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Soniq Circus - Reflections in the Hourglass CD (album) cover


Soniq Circus


Heavy Prog

3.63 | 37 ratings

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Prog Reviewer
3 stars The following takes place between 3am and 4am. Events occur in real time.

Sweden is a land of many things: Vikings, flat-pack furniture, great meatballs, and of course prog. Bands like Anglagard, Opeth, Pain of Salvation, Atlas, Karmakanic, The Flower Kings, Beardfish, Moon Safari, Galleon, Kaipa, Meshuggah, Therion and more have turned Sweden into something of a prog hotspot. Emerging from this prolific nation are Soniq Circus, consisting of Marcus Enochsson on guitars and vocals, newcomer Marco Ledri on keyboards, Markus Nilsson on bass and Christer Ugglin on drums. This is the band's second album, since their eponymous debut was released in 2007.

'Reflections in the Hourglass' is a concept album about a man who wakes up in the middle of the night and reflects on his life since he cannot get back to sleep. We follow our protagonist's thoughts in real time, in a similar manner to the TV series '24'. The album is 60 minutes long and begins with three bell chimes to signal 3am and ends with four bell chimes to signal 4am, helping to strengthen the concept. In the CD booklet, each page shows the timeline between 3am and 4am, giving the times when each track would start if the album were played at this time in the morning. Moreover, the CD itself has a clock face with eight hands pointing to the eight starting times of each song.

While the band can be classified as heavy prog, the music is rather light for the genre, and more melodic. In the booklet, Ledri can be seen wearing a Dream Theater t-shirt, but no obvious DT influences can be seen besides the frequent use of odd time signatures. There are no long intricate instrumentals to be heard; the singing in English dominates this album.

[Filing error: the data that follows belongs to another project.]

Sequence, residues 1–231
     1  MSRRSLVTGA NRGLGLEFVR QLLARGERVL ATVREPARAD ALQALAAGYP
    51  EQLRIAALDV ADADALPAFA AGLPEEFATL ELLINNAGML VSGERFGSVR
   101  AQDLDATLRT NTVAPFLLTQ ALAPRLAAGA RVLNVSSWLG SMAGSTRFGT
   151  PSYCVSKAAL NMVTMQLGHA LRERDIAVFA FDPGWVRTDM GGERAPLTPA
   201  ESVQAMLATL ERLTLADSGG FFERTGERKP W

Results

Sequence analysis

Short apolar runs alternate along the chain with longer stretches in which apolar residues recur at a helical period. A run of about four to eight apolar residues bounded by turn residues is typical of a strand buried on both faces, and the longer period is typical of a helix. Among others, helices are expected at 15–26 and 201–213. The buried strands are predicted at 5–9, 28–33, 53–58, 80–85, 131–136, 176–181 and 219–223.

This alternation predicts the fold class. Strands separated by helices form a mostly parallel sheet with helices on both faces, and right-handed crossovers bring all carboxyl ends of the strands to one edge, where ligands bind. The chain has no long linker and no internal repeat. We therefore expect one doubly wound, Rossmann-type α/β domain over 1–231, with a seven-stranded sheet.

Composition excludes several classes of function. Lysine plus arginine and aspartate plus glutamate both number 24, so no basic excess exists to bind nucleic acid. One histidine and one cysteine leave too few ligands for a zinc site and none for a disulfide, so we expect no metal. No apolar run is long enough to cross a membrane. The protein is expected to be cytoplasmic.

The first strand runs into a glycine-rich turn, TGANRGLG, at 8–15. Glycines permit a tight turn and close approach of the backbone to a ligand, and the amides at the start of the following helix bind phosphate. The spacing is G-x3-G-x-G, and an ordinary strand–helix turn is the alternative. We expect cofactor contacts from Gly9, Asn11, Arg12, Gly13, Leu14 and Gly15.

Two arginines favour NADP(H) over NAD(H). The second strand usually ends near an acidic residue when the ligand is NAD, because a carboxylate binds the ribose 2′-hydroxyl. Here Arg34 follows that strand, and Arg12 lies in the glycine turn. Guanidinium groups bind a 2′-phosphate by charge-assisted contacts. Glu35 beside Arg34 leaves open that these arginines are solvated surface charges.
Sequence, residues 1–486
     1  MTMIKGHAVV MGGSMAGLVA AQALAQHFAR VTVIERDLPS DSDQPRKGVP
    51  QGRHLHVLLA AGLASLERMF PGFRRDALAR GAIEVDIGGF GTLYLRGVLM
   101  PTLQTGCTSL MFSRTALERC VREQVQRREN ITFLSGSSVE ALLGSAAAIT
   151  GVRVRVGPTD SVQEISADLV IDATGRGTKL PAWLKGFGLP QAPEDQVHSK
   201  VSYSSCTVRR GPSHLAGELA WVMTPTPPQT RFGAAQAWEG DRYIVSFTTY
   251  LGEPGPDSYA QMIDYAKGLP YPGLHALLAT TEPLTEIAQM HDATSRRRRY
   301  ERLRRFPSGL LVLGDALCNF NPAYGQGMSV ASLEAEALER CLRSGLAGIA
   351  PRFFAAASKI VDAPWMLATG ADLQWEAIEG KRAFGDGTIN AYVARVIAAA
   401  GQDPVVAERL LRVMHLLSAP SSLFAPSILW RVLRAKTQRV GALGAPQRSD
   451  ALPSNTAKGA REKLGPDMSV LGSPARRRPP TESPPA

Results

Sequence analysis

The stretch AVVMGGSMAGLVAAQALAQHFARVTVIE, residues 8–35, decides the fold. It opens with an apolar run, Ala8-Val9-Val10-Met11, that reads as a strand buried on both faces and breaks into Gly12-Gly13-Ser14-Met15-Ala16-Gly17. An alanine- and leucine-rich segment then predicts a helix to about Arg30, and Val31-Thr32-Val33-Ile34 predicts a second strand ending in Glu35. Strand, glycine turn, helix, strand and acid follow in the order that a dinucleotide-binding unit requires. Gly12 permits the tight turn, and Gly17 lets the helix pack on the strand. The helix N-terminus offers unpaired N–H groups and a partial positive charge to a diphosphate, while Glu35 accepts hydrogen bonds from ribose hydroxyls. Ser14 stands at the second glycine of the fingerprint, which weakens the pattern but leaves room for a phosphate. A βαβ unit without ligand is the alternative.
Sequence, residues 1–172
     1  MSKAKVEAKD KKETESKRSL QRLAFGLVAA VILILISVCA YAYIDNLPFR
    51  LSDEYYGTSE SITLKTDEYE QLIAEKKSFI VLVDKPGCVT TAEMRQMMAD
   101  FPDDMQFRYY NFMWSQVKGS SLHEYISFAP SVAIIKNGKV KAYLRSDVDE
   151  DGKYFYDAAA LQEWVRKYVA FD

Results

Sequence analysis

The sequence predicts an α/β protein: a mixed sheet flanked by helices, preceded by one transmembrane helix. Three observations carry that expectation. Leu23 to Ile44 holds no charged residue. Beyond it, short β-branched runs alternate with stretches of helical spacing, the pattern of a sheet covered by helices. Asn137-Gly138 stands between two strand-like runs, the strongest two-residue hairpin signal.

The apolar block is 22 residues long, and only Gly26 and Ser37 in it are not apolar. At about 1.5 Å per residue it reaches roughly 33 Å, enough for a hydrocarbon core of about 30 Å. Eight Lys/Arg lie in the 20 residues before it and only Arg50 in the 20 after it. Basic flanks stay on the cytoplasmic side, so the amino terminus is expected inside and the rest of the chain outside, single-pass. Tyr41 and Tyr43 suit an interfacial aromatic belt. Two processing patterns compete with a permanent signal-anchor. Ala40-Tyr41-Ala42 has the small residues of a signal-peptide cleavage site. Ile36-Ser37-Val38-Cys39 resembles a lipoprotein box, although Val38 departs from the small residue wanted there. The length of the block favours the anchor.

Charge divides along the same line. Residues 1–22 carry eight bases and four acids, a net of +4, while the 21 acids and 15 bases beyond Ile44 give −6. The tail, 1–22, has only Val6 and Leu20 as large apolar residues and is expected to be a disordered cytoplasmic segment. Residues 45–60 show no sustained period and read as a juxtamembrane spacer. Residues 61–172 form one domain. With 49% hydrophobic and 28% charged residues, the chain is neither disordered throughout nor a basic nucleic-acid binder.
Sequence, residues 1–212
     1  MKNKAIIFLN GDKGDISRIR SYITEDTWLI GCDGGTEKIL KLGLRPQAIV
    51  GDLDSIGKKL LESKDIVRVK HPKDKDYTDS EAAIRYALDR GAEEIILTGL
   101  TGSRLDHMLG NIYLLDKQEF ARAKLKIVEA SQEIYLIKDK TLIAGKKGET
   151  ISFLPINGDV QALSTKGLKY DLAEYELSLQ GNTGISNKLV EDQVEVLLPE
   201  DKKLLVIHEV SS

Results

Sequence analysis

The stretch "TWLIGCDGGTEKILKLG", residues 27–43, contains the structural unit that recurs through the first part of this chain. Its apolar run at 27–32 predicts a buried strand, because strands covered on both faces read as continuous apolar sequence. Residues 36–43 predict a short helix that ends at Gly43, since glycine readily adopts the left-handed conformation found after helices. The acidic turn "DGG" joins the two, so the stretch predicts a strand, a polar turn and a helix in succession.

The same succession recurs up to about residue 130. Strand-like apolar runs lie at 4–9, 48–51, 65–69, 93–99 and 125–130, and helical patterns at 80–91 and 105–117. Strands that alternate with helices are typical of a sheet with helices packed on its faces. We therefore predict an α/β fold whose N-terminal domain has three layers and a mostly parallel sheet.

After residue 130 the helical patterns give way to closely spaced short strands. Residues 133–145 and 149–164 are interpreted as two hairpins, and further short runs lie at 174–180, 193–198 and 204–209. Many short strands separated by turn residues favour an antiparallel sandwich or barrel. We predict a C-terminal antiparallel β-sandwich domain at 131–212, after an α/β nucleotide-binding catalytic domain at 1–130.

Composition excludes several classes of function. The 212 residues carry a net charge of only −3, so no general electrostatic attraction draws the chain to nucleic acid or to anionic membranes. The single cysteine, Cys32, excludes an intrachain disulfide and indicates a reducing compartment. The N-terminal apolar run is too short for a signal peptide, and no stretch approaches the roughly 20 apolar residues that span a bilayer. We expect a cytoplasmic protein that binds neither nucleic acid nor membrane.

Despite having a good songwriting style and adequate musicianship, the group have neglected to write any killer material for this album ? stuff that really hooks you in without letting go. The first and last tracks are the best as they contain great verses and choruses and hold the album together. Other good songs from the album include the odd meter-riddled Actor and the epic, diverse Shadow Dance. Sadly though, nothing on the CD really stands out or impresses me and I feel like the group are playing just a little too safe.

Strangely enough, this album has become the closest example of what I'd call 'prog standard'; if there was ever an average album in the progressive sphere, this would be it. Although the 'hour' concept is a great idea, it's not as fleshed out in the music as I would have liked. This is a nicely produced, stylish album but there's little to keep me coming back for more.

baz91 | 3/5 |


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